Student Loan Bankruptcy Discharge

Misinformation: Some Commentators Inaccurately Say That Student Loans Cannot be Discharged in Bankruptcy

Written by Richard Fossey

Last month, Mises Institute, an Austrian think tank, posted an interesting article on the American student-loan crisis. For the most part, the article contains interesting and accurate information; but it also said student loans cannot be discharged in bankruptcy–which is not true.

The Mises Institute article focuses on student-loan debt owed by older Americans, As author Andrew Moran explained, these debts fall into two categories: student loans that seniors take out to finance their own education and Parent PLUS loans, which are loans older Americans take out for their children’s postsecondary studies.

“It is the Parent PLUS program that seems to be wreaking the most havoc on older Americans,” Moran wrote. These loans are marketed to parents of college students and carry a fixed interest rate of 7.67 percent plus an origination fee equal to 4.2 percent of the loan. As Moran noted, there is no cap on the amount of money parents can borrow through Parent PLUS.

American seniors who fall behind on their student-loan payments face serious consequences. As Moran reported, the federal government can seize income-tax refunds from senior Americans who default on their student loans (either their own loans or the loans they took out for their children). The feds can also garnish Social Security checks. True enough.

Moran then went on to state that student-loan debt cannot be discharged in bankruptcy. But this is not accurate. The Bankruptcy Code states that students cannot be discharged unless the debtor can show that paying the loans would create an “undue hardship.”

It is true that discharging student loans in bankruptcy is very difficult, and the Department of Education or its agents oppose bankruptcy relief in almost every instance. But in recent years, bankruptcy judges have discharged student-loan debt in a number of cases.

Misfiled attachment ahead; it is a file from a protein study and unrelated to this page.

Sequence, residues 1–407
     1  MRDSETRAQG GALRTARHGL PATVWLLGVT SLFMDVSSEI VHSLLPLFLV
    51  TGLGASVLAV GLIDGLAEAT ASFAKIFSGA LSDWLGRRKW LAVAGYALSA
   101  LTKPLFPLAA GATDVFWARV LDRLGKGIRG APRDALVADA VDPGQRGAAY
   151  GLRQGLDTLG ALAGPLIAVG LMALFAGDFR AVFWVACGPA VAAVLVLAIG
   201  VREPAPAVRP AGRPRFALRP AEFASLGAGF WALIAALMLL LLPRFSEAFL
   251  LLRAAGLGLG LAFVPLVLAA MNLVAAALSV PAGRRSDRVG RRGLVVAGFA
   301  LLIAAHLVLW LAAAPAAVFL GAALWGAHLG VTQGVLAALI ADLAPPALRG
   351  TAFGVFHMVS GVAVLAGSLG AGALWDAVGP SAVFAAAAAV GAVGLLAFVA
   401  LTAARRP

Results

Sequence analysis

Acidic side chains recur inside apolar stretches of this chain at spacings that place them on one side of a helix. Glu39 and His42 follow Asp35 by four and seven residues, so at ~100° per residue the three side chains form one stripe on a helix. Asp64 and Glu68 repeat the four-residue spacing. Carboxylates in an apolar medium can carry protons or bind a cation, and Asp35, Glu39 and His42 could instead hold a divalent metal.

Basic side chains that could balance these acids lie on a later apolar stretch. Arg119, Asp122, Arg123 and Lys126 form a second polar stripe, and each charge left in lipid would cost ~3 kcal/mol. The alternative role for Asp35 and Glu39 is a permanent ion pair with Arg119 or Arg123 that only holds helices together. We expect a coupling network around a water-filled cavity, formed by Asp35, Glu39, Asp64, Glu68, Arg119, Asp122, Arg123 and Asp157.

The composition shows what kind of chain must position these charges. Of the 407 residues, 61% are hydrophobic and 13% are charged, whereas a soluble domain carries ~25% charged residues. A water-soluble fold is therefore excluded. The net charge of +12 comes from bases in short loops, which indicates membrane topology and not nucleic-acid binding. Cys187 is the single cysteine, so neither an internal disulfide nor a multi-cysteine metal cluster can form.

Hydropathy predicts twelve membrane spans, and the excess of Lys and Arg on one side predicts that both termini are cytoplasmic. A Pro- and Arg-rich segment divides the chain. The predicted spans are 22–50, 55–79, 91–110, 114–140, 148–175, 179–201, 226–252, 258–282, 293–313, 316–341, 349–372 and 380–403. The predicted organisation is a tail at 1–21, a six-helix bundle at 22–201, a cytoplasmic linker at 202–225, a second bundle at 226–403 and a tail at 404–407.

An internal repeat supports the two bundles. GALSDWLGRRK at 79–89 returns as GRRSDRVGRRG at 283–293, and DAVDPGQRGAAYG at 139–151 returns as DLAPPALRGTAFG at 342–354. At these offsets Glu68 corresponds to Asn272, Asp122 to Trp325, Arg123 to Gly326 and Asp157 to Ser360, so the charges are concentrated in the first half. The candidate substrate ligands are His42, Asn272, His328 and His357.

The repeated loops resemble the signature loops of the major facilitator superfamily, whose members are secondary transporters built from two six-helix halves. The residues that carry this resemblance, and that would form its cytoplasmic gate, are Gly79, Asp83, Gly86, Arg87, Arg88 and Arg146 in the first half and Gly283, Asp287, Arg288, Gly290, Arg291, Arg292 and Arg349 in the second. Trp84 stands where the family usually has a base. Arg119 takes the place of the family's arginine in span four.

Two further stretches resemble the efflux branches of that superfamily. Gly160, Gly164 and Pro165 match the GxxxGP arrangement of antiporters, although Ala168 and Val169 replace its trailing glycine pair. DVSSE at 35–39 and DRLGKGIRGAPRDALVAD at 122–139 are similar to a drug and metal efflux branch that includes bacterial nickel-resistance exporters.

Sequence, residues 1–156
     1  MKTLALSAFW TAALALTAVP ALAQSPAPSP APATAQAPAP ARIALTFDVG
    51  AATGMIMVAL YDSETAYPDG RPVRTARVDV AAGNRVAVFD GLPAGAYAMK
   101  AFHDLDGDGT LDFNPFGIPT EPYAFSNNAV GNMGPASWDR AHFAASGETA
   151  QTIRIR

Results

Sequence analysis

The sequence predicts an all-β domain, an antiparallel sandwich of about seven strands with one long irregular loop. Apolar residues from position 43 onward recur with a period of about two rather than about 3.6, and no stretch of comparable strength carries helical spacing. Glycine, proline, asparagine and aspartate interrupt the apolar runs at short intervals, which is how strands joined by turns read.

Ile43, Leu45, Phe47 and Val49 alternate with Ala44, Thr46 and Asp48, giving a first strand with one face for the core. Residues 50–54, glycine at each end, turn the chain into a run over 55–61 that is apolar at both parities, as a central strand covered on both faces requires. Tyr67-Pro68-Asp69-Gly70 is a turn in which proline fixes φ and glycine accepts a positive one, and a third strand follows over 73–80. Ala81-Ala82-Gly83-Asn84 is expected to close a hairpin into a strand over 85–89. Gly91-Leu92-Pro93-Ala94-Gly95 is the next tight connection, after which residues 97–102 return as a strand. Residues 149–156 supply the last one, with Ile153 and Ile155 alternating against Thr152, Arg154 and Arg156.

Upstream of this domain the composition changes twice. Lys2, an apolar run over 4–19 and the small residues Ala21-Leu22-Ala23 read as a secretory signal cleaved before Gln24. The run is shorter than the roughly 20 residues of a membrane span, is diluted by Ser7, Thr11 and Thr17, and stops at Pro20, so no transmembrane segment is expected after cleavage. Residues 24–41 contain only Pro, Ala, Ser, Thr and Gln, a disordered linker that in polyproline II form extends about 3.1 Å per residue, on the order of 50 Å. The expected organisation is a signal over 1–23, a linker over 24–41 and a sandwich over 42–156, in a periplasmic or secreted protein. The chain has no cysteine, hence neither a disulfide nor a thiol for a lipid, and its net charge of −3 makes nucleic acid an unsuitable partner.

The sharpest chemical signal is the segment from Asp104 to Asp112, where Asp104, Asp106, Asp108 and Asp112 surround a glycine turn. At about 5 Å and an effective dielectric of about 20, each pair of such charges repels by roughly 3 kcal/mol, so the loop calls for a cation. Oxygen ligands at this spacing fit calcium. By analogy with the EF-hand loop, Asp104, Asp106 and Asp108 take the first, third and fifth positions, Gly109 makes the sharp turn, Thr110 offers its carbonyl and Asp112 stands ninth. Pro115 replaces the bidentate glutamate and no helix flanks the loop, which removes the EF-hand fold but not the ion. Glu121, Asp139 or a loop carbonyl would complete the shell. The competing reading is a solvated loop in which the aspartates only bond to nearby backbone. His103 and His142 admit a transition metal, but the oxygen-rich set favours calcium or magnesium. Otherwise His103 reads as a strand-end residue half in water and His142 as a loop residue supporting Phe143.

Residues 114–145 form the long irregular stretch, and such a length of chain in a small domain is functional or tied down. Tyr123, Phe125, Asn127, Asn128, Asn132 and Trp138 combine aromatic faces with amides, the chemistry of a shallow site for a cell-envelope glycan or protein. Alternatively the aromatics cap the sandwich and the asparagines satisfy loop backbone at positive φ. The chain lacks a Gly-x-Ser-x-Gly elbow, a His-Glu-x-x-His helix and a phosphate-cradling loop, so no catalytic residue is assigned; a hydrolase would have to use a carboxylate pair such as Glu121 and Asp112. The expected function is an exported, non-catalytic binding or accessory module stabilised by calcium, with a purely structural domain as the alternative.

For example, in the Abney case, a Missouri bankruptcy judge discharged student loans owed by a man in his 40s who was living near the poverty line and had actually slept in his employer’s truck for a time. In the Lamento case, an Ohio judge discharged student loans owed by a 35-year-old, single mother with two children who had taken out loans to get a college degree she had been unable to obtain.

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In Kansas, a bankruptcy judge discharged accumulated interest on student loans owed by a married couple in their late 40s, and the decision was upheld on appeal. Later, a second Kansas bankruptcy judge forgave accumulated interest on student loans owed by V icky Jo Metz, a 59-year-old woman who had taken out student loans in the 1990s to attend a community college.

One might argue that isolated decisions by compassionate bankruptcy judges are anomalies, and that the common belief that student loans are nondischargeable is overall still true. But several federal appellate courts have expressed sympathy for distressed student-loan debtors. The Roth decision by the Ninth Circuit Bankruptcy Appellate Court, the Krieger ruling out of the Seventh Circuit, the Fern case from the Eighth Circuit Bankruptcy Appellate Court, and the Tenth Circuit’s Polleys decision all approved bankruptcy relief for overburdened student debtors.

I do not wish to criticize Mr. Moran for the error in his Mises article. The Department of Education has done nothing to dispel the myth that student loans are nondischargeable; and in fact DOE has uniformly opposed bankruptcy relief, even for people in desperate circumstances. In the Myhre case, for example, DOE opposed bankruptcy relief for a quadriplegic who was gainfully employed but not making enough money to pay for the full-time care he needed to feed and dress himself.

And a pattern has emerged for student-loan creditors to assign student loans to Educational Credit Management Corporation, who often steps in to oppose bankruptcy relief after the debtor files for relief. Why? I think it is become ECMC, with its network of lawyers and ample resources for paying attorneys, has become the Department of Education’s hired thug to beat down destitute student-loan debtors, who often come to court without attorneys.

So keep reporting on the student-loan crisis, Mr. Moran. You are doing good work. And don’t feel bad about the error in the Mises article. The myth that student loans are nondischargeable in bankruptcy has been circulated many times by experts, even by attorneys who should know better. – Source




About the author

Richard Fossey

Richard Fossey is a professor at the University of Louisiana in Lafayette, Louisiana. He received his law degree from the University of Texas and his doctorate from Harvard Graduate School of Education. He is editor of Catholic Southwest, A Journal of History and Culture.

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